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There’s no shortage of spandex-clad endorphin junkies to tell you how much Nevada needed a 3-feet law. Although it’s a tough number to pin down, community leaders estimate there are about 4,000 serious cyclists in the Las Vegas Valley, based on turnout at major events and membership in clubs and forums. The Regional Transportation Commission’s Viva Bike Vegas, an annual ride with circuits from 17 to 103 miles long, pulled nearly 2,000 riders last year. (This year’s event is on Oct. 15.)
And that’s not counting the people who lollygag around bike paths, hop on their cruisers for a quick grocery run and, yes, even bike to work.
Jacob Snow is one of these and, like most others, has experienced both inattention and aggression from drivers while on his bike. Snow, however, is in a position to do something about it. He’s general manager of the RTC.
What he’d really love to see is a citywide infrastructural overhaul modeled on the RTC’s Complete Streets program, which designs roads to be friendly to automobiles, public transit, bicycles and pedestrians. But he’ll settle for the 3-feet law for now.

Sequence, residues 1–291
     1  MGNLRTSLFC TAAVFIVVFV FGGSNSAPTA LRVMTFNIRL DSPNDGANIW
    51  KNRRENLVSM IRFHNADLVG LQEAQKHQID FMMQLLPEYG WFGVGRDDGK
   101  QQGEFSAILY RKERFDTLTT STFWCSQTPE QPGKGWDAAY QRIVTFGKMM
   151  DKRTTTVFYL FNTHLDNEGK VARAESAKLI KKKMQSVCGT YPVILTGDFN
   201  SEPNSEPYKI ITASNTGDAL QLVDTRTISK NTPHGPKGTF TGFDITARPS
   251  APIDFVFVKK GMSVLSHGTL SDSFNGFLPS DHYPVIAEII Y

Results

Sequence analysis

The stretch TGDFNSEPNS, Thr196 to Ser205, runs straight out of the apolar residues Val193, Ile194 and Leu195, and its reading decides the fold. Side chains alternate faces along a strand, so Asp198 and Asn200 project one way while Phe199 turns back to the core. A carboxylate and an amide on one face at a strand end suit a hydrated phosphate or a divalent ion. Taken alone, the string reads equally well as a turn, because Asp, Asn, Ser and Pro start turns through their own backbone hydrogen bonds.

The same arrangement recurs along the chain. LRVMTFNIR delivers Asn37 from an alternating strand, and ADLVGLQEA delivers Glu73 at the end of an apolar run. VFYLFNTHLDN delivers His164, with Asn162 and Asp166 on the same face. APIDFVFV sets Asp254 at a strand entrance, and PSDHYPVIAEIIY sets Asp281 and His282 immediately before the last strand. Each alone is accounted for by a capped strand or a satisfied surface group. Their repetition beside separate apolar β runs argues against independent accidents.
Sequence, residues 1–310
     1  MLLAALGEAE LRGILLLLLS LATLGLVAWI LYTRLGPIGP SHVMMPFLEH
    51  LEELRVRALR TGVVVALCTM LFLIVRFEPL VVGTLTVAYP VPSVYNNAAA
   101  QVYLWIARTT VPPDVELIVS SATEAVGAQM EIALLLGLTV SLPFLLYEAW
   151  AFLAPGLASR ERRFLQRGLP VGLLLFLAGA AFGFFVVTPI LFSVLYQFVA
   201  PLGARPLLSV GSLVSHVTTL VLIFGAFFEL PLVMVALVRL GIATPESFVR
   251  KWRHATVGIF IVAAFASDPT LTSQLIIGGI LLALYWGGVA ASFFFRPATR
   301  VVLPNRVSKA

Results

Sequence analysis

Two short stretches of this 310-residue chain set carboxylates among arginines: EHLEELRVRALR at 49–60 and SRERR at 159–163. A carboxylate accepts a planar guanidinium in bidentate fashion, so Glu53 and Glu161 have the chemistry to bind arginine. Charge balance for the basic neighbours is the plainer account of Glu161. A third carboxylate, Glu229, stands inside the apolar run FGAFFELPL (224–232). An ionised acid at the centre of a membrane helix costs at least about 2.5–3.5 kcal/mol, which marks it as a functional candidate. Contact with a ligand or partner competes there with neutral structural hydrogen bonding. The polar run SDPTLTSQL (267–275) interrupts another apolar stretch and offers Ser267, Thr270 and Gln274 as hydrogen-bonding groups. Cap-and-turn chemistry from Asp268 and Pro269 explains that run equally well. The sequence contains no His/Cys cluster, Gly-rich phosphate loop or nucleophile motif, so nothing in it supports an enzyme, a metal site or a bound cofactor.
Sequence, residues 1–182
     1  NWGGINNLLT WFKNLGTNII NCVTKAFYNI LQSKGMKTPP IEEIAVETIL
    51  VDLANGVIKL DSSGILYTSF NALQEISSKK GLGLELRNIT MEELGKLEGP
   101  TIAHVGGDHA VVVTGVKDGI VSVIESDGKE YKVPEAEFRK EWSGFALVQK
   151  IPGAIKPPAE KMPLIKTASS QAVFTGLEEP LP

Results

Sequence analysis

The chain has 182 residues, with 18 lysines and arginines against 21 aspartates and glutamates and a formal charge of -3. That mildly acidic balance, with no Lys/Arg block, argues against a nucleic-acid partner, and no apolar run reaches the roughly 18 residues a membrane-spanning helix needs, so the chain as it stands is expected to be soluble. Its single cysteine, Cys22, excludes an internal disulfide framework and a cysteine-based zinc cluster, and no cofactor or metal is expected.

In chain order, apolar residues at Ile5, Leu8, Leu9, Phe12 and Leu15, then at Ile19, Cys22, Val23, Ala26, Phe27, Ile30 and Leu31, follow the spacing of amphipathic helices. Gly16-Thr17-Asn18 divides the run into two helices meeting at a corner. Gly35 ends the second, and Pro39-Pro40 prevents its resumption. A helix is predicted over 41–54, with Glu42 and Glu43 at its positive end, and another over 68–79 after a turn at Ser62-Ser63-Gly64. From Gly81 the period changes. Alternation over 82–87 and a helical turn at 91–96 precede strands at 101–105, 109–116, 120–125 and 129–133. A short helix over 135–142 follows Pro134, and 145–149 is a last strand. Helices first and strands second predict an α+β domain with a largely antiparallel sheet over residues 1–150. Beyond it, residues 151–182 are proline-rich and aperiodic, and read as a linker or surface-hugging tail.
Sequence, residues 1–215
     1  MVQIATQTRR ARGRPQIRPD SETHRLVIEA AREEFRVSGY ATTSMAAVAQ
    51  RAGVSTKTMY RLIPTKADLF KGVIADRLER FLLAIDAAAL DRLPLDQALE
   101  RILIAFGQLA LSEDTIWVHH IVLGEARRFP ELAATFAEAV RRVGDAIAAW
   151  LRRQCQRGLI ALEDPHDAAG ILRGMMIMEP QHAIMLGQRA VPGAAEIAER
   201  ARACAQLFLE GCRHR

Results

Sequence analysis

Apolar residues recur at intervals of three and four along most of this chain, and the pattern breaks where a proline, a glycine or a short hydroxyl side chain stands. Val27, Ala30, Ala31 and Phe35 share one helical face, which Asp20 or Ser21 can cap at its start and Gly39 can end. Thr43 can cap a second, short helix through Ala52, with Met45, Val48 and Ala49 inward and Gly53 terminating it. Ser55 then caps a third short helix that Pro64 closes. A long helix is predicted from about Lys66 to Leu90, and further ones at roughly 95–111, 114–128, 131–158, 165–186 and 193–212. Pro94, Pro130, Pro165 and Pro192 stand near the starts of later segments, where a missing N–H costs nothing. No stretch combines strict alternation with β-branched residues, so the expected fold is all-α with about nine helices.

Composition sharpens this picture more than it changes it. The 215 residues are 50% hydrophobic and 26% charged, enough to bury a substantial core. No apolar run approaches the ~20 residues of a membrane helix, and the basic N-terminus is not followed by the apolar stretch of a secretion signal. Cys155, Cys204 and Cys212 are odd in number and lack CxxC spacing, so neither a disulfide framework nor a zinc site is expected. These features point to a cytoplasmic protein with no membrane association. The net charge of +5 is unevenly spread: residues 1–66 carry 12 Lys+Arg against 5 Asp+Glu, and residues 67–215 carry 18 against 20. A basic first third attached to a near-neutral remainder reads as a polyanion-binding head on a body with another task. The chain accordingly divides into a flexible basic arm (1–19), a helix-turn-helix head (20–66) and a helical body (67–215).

“It means cyclists will be safer,” he says. “That’s the bottom line.”
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Available data doesn’t draw a direct line between 3-feet laws and cyclist safety, but a strong common-sense argument can be made for giving riders some space.
Twenty states, including Nevada, now have 3-feet laws, according to the advocacy website 3FeetPlease.com. Others in the Southwest are Arizona, Colorado and Utah. In Arizona, cars killed 25 bicyclists in 2009, down slightly from 26 in 2000, when that state passed its 3-feet law. Utah has had more success. The number of cyclists killed there dropped from 10 in 2006, when its law passed, to five in 2009. (Comparative data wasn’t available for Colorado, whose law was enacted in 2009.)
In Nevada, fewer bicyclists are killed each year, per capita, than in Arizona; but more than in Colorado or Utah. Cycling deaths in Clark County have dropped each year since 2006—from seven to three. Fatalities, though, are only part of the picture, as Pretner’s case shows. For each death, there are dozens of injuries—many of them severe.